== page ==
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Twitter Tweet?

Can somebody please clue me in? Twitter looks… cute. But I don’t get it. Why would anyone care what I was doing every minute of every day? I’m really not that interesting. And how would I remember to update it every second? And… just… why?

[Update: I see David has the same question. Help us, please. I don’t want to be a fuddy duddy, but I’m confused.]

[Update nearly a year later: This post still gets enough hits (and even a comment or two) that I thought I’d just clarify: I use twitter. I’m addicted to it. I’m still not convinced that a library should have a twitter account, though I know it works for a couple of libraries. But as a tool for personal enjoyment and professional connections between librarians, it’s great… except when it’s down, at which times we all curse it vehemently.)

Published inSocial Web


  1. waltc waltc

    Well, if you’re a true extrovert, and if you’re always “connected”–then I can see it. Since I’m neither, it doesn’t (to use David’s phrase) float my boat. I’m guessing you’re not both.

    Now, as to David’s other question–why would this be an issue for librarians?–there I’m completely stumped. So far, I haven’t seen any suggestions that librarians owe it to the future of the field to be all a-twitter; I’ve interpreted the twitterers as showing personal rather than professional interest. As always, I could be wrong.

  2. Julian Julian

    I guess that Twitter is for the kind of person who can’t get enough of updating their MySpace or Facebook. I haven’t updated either of my pages on those in weeks, if not months.

    I guess that as long as RSS is attached to it, Twitter has to have some usefulness for the library.

  3. Joshua M. Neff Joshua M. Neff

    Well, you know, it’s social. It’s not just about anyone caring what you’re doing throughout the day, it’s being part of a network of people who are all sharing what they’re doing throughout the day.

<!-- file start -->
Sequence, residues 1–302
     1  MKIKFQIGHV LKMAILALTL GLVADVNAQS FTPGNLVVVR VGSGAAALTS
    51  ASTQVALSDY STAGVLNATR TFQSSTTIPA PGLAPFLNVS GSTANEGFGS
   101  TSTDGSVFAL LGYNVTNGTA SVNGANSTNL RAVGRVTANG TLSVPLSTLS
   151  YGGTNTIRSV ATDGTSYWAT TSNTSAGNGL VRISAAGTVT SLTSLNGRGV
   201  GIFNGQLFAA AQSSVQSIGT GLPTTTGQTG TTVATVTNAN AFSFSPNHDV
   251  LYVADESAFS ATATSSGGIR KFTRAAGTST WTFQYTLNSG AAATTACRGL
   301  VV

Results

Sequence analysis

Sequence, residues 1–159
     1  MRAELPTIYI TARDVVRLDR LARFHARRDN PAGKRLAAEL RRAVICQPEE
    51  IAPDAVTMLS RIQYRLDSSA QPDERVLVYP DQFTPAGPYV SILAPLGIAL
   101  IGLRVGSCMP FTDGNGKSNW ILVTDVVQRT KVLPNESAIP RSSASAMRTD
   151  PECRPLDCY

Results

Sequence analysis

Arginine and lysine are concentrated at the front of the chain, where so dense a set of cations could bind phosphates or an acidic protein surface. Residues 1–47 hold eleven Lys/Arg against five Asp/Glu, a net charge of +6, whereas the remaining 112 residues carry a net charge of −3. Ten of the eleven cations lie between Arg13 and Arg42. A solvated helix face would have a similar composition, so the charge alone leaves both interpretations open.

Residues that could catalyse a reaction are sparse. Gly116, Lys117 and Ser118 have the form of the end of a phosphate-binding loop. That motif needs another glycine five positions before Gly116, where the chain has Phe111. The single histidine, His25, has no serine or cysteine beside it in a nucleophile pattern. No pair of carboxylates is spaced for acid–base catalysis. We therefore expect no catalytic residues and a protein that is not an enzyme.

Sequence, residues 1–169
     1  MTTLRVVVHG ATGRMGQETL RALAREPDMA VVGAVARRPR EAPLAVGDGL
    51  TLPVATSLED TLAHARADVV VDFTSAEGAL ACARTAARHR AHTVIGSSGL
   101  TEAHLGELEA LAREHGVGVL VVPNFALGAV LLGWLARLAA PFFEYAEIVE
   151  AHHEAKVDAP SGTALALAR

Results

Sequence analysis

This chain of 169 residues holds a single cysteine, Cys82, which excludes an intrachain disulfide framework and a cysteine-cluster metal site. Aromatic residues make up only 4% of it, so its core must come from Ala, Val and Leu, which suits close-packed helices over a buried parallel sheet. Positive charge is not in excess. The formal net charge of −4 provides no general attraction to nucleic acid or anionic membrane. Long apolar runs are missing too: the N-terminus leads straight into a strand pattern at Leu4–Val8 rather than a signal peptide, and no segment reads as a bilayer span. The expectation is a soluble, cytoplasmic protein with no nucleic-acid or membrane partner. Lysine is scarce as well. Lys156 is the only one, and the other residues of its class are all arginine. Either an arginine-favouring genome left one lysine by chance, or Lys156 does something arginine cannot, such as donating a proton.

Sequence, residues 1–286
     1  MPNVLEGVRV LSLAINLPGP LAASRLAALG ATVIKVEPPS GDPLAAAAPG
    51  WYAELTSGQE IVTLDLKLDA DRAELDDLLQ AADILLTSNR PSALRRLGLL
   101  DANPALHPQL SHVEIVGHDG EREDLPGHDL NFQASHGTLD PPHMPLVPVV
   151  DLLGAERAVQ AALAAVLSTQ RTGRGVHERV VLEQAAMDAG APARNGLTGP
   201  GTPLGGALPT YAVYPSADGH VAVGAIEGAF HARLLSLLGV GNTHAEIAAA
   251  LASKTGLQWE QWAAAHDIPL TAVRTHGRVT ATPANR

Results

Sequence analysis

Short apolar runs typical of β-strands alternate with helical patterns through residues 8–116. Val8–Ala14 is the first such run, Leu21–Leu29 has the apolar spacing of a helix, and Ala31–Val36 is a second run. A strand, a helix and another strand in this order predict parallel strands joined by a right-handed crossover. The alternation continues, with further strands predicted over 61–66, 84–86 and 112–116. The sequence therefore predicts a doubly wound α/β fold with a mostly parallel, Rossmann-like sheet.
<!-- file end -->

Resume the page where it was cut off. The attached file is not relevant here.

But Twitter scares me. I already spend more time online than I should, and I’m awfully obsessive about checking my email. Feeling compelled to constantly update what I’m doing is like going from coffee to crystal meth.

  4. Iris Iris

    Well, you make a good point about being in a network, Josh. And I guess all networks are only as good as the sum of their parts (and achieving critical mass of some sort). But I’m anything but extroverted and, while I’m almost always connected in some way, I’m not always broadcasting my connection.

    I guess I’m willing to watch this one out and see if library-connected-ness in this network becomes important.

    But I’m willing to be persuaded as long as someone can come up with a really compelling reason.

  5. The Shifted Librarian The Shifted Librarian

    Twitter may be one of those social networks that is actually more useful if you limit your connections, as opposed to something like LinkedIn or L2 on Ning where value is derived from having as many connections as possible.

    It also doesn’t have to be every minute of the day so much as broader updates. Kind of like blogging doesn’t have to be what I had for lunch today but can paint broader strokes. It’s what you want it to be.